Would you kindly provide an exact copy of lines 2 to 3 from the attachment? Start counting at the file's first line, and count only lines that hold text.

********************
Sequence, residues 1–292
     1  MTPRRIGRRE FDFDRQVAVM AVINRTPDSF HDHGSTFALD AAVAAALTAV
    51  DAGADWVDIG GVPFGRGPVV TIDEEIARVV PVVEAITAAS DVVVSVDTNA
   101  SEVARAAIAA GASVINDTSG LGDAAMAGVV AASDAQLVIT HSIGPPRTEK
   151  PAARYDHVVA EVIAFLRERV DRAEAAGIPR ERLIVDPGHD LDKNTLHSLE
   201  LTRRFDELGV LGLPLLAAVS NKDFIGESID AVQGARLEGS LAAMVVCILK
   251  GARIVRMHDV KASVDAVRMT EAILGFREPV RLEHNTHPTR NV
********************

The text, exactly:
     1  MTPRRIGRRE FDFDRQVAVM AVINRTPDSF HDHGSTFALD AAVAAALTAV
    51  DAGADWVDIG GVPFGRGPVV TIDEEIARVV PVVEAITAAS DVVVSVDTNA